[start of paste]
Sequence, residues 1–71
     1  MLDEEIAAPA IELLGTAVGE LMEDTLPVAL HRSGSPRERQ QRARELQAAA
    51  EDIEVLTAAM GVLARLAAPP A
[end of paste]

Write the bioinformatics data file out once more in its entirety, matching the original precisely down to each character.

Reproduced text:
Sequence, residues 1–71
     1  MLDEEIAAPA IELLGTAVGE LMEDTLPVAL HRSGSPRERQ QRARELQAAA
    51  EDIEVLTAAM GVLARLAAPP A